A Medieval Chard Tart

This is a post that’s been on my main blog since 2008. I thought that since it’s medieval cooking, I’d move it over here and start a new category for similar posts. This tart is just so good – and it looks good, too. Medieval food was about presentation as well as taste, and you could pipe this into a great hall with pride.

Chard tart baked by Deborah Cooke The recipe is from a book called THE MEDIEVAL KITCHEN: Recipes from France and Italy, by Odile Redon, Françoise Sabban and Silvano Serventi. Essentially, they went through medieval manuscripts in search of recipes. (It’s available only in print. Here’s an Amazon link.) The recipes are presented in their initial form, then modernized, the way we’re used to seeing recipes written.

This is the Torta Bolognese or Herbed Swiss Chard and Cheese Pie. (page 141)

Just in case you don’t have the book at hand, here’s the excerpted modern version of the recipe.

Pâté brisée

1 lb raclette, young tomme de Savoie  or othre tomme, or cream cheese, softened. (450g)
7 ounces Swiss chard leaves (200g)
1 handful fresh parsley
1 tbsp fresh marjoram leaves or 1 tsp dried marjoram or oregano
4 tbsp butter at room temperature
4 eggs
1 egg yolk
black pepper

Prepare the pastry (okay, I shortened that. If you make pastry, you have a recipe already. Just do what you do.) and refrigerate.

Preheat oven to 400 degrees.

Grate or mash the cheese. Trim and wash the greens and herbs. Chop them finely in a food processor, then add the cheese and process until you have a smooth green mixture, scraping down the sides of the bowl as needed. Beat the whole eggs and blend them into the mixture. Add salt to taste, and plenty of freshly ground pepper. Crush 3 or 4 threads of saffron between your fingers and add them to the mixture along with the softened butter. Process until thoroughly blended. Roll out about 2/3 of the dough and line a deep 9″ tart pan.  Add the filling, roll out the remaining pastry, and cover the pie, pressing the seams tightly shut. Set the tart pan on a baking sheet to catch any drips, and put in the oven. Crush a few threads of saffron between your fingers and add them to the egg yolk; beat well to blend and leave to infuse. When the pie has baked for 15 minutes, remove from the oven and paint the top crush with the egg yolk and saffron mixture. Return to the oven and bake for another 45 minutes to an hour.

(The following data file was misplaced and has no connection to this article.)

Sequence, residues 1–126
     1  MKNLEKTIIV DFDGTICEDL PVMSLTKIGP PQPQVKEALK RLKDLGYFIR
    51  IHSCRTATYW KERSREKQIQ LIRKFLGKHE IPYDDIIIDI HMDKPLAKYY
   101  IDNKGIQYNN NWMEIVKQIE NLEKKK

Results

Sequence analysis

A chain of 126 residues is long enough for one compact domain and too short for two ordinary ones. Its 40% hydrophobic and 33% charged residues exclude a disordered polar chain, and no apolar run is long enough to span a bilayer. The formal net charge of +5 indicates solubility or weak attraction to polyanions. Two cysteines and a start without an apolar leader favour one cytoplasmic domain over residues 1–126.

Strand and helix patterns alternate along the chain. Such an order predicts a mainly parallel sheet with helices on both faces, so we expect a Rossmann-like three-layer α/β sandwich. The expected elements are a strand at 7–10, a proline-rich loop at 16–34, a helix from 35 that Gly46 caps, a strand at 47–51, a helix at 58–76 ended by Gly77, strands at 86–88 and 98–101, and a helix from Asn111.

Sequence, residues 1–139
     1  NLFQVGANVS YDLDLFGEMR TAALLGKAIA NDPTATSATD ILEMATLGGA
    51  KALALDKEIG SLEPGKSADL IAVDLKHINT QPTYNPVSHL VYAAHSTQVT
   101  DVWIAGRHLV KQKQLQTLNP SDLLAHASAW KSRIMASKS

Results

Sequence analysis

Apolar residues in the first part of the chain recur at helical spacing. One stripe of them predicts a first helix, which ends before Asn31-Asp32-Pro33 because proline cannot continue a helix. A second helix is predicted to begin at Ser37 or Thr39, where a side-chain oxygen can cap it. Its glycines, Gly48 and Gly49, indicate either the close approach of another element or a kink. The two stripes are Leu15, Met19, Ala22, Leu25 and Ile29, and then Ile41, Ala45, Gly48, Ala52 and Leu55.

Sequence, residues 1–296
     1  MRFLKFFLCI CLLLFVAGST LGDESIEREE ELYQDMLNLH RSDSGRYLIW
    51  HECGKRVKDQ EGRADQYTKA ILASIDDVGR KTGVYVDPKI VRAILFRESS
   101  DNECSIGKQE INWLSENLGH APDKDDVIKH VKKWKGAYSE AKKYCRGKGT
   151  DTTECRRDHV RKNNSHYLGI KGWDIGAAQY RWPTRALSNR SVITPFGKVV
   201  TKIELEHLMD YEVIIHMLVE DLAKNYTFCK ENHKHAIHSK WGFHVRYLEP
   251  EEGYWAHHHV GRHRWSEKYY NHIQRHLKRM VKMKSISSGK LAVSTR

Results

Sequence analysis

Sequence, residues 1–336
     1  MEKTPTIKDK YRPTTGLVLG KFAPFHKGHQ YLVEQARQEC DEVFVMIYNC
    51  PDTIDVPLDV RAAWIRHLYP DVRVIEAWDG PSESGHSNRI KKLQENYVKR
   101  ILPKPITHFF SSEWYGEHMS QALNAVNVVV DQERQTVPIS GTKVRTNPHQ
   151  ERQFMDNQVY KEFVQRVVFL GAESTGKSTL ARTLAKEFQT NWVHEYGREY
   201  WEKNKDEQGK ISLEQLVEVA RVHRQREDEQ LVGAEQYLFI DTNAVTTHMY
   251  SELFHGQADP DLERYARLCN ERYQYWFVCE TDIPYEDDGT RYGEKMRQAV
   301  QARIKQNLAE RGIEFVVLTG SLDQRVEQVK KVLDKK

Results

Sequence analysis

That’s ©1998 University of Chicago.

Now, if you’re wondering what raclette or tomme cheeseChard tart baked by Deborah Cooke is, you’re not alone. I’ve eaten raclette and it’s yummy, but had no idea what kind of cheese to buy. I use the better part of a 16 oz tub of ricotta, as well as some other fragrant cheese grated, like Oka. I also add some chopped sun-dried tomatoes to the mixture and some sliced black olives. I don’t use a food processor – I just coarsely chop the Swiss chard leaves. We have teeth to chew our food and “a smooth green mixture” doesn’t sound that appealing to me.  With my changes, this is a fabulous tart that looks beautiful, too. Mr. C. makes his tomato salad to serve with it, the one with the carmelized onions and balsamic viniagrette, and neither one of us minds re-runs the next night.

What’s interesting – a note for you Swiss chard skeptics – is that it doesn’t taste much like chard. I used the same combination of ingredients in a quiche with no topping and the chard taste was very strong. This gets raves all around, though, so it’s how I’ll be using up the chard frozen from last summer’s garden. You could also substitute spinach for the chard, but you wouldn’t get the chewy bits from the chard stems.

Go on. You know you want to make one.

Medieval Cooking

One of the things that fascinates me about the Middle Ages is the food. I have several cookbooks that are compiled from medieval texts and this recipe is from my favorite one: it’s called The Medieval Kitchen: Recipes from France and Italy by Odile Redon, Francoise Sabban and Silvano Serventi. I like that each recipe includes the translated medieval text first (they wrote recipes like my MIL did: “Take enough butter and mix flour into it until it looks right…”) followed by the authors’ notes and then a modern version of the recipe which they’ve tested.

Last night, I made the Torta Bolognese, which I’ve made a number of times before. The translation is Herbed Swiss Chard and Cheese Pie, and it’s an awesome way to cook swiss chard. It’s also vegetarian.

Here’s a picture of my tart, fresh from the oven:

Swiss Chard Tart, baked by Deborah Cooke

And here’s a picture of the interior:
Chard Tart baked by Deborah CookeThe recipe instructs you to puree the ingredients for the filling until you have a smooth green paste, but I don’t do that. I use the chard with red stems and dice them up as well, then just chop it all fine. I’d rather see the green chard with red flicks in the egg filling than have it be all green. (The tomatoes have a red onion relish on them, btw.)

Next up, I want to try the Civet of Hare, probably the one from the Ménagier de Paris.

You can buy this book at Amazon – here’s the link.

Have you ever cooked historical recipes? What did you make and what did you think of the result?